Has the new schedule been effective?
Changes prove useful for some classes, cumbersome for others
In a 2016 video interview of then junior Karlaija Hardiamon, she expressed her concerns to the teachers’ decision of returning to a traditional 1-6 schedule.
As a drama student, Hardiamon’s concerns surrounded not having enough time to practice and put on a production. Block days allowed her “to do the activities that we need to do.”
A semester later, Hardiamon is still trying to adapt to the current schedule. “This year we didn’t have enough time to put up a play or make a production,” Hardiamon said. “We cannot do a show because we don’t have enough time to practice.”
This has been Stagg’s third new schedule in the past four years. Upperclassmen can recall having a schedule that had a mix of block days. Those days offered three classes per day, allowing science teachers to conduct labs and allowing longer, more in depth instructional time.
Stagg’s minimum days are used for collaboration meetings among other things. Many students, including Hardiamon have expressed their support for the minimum days.
“I love it, they are great,” said an ecstatic Hardiamon. “I get to go home and sleep.”
Advanced Placement student Janelluz Javier is also fond of the minimum days but feels as if the negatives outweigh the positives.
“In AP Gov, we have a lot of work,” Javier said. “There’s a lot of homework we would have to take home and not much classwork we could do in class.”
AP History teacher Tara Hayes recognizes that her students have an extensive workload to take care of at home.
“It seems like we have less time in class so we are constantly running out of time,” Hayes said.
This year’s schedule has adapted the three 1-6 days from last year’s schedule and applied that to the entire school week. Periods now last 58 minutes, a mere minute longer than last year’s 1-6 days.
That is not taking account for the block days. On an average week with no minimum days, last year there were 1722 minutes of class time. This year that number has been increased to 1740 minutes.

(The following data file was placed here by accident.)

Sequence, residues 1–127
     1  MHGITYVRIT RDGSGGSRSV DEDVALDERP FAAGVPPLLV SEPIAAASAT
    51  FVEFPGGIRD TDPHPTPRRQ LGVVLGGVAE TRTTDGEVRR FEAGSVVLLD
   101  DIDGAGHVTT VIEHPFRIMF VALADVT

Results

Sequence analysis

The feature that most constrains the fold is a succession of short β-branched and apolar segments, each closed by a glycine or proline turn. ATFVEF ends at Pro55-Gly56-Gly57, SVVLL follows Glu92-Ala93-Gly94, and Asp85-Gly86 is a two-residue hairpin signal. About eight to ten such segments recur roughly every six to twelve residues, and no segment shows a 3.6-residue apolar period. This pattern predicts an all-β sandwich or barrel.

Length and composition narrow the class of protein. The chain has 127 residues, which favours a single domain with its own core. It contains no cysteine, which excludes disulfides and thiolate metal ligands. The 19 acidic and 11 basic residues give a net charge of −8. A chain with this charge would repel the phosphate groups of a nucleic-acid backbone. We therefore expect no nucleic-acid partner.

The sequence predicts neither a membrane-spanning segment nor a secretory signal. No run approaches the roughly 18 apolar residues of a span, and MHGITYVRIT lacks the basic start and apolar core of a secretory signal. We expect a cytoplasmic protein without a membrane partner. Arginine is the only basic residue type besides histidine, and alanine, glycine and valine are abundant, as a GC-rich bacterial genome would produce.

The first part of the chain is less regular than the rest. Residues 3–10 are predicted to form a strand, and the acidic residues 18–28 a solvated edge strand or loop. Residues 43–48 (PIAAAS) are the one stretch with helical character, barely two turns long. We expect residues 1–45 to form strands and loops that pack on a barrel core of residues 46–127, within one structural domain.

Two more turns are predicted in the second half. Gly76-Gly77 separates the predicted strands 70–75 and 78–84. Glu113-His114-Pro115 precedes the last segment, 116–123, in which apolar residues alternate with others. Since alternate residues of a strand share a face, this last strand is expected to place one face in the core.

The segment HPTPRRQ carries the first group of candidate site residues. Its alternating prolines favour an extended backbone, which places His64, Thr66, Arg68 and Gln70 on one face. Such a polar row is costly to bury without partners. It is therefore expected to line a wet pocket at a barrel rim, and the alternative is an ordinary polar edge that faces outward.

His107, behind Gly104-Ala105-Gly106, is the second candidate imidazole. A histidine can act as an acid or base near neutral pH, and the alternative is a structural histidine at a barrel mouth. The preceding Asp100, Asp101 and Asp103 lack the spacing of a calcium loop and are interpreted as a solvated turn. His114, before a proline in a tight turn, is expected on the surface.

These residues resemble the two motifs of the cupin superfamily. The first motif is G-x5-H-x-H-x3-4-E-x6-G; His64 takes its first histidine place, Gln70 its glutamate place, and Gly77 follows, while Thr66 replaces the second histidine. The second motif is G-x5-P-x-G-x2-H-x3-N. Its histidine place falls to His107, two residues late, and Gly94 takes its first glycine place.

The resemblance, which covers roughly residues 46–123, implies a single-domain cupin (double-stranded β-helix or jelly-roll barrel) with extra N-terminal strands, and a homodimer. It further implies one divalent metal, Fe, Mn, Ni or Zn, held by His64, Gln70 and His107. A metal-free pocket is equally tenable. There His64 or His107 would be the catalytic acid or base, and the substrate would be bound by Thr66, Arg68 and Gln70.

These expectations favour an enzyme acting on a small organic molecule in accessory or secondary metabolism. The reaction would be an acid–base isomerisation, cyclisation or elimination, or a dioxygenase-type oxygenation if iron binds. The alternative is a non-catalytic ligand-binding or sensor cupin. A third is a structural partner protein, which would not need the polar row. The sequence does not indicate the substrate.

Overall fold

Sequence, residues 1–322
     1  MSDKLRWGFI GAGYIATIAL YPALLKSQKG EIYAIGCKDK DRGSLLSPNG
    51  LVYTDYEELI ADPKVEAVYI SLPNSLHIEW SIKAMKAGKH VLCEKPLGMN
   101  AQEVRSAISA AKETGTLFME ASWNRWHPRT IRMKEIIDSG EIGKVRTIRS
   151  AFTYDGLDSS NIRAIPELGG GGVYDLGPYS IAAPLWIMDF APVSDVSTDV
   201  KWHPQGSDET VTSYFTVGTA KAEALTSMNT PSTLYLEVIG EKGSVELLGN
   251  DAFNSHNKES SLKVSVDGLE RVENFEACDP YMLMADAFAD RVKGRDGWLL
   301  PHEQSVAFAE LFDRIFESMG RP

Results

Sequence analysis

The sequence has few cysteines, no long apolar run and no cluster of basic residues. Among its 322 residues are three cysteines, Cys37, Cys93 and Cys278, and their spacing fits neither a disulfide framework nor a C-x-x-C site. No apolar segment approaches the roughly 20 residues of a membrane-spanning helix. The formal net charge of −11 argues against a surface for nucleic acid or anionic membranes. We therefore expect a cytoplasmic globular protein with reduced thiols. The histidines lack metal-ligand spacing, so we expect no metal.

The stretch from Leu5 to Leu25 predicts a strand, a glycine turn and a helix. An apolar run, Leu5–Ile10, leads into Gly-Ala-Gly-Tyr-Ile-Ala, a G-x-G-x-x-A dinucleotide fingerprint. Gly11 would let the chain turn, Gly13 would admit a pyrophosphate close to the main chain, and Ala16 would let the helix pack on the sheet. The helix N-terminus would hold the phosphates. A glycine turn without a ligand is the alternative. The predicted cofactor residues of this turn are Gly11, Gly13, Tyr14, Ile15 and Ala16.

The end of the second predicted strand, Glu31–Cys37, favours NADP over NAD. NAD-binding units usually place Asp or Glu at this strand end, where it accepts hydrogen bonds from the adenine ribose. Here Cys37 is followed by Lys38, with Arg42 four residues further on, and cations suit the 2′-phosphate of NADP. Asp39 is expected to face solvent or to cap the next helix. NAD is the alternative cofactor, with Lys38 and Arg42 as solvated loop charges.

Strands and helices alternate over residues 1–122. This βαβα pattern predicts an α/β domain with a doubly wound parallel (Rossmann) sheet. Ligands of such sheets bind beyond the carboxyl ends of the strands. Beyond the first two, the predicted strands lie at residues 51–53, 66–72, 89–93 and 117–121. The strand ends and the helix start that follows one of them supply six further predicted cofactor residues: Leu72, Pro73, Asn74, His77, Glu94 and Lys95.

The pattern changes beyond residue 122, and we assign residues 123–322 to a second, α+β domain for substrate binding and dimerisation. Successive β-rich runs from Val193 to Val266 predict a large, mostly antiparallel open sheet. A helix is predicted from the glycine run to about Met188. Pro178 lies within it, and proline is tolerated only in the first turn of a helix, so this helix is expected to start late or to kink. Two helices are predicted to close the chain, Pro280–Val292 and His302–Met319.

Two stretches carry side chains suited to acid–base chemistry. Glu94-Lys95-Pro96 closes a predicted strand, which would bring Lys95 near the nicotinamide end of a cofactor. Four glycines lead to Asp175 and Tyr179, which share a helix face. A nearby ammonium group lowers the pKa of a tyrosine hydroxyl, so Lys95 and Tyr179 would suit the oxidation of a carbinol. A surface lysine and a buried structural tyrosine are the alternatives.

According to music teacher Joseph Updegraff, the biggest hurdle for teachers is the restructuring of their lesson plan.
“It’s a restructuring of how you teach,” Updegraff said. “Not in the content of what you teach, but a restructuring of time management.”
But Updegraff has noticed a benefit for students. Since there is an extra day of instruction, there is in turn more time to work on concert pieces.
With the new schedule, science teachers have found themselves struggling with conducting labs. Students now have to use two days for labs if not more. And some may face the same stark penalties of last year for being absent during a lab.
While teachers have the added 18 minutes per week, class time itself remains a constraint for some. Such so that ASB has also been taking work home according to Senior Class President Allison Goodwin.
For their upcoming multicultural rally, Goodwin has found herself making flags at home.
“Your quality of work is not going to be as good because it’s such a small amount of time,” Goodwin said. “I really feel that they should have talked to the kids that are more involved first before making an overall change.”
MESA student Kevin Phan has had to work on his projects after school as well. He explains that a simple adjustment on their robotic arm could have been done in block days, but now due to the nature of the traditional schedule, it can span to over two school days.
Many have welcomed the minimum days, while some can clearly see the benefits of having a traditional schedule. Yet it’s clear that adapting to a new standard of time management has been a mixed bag for some.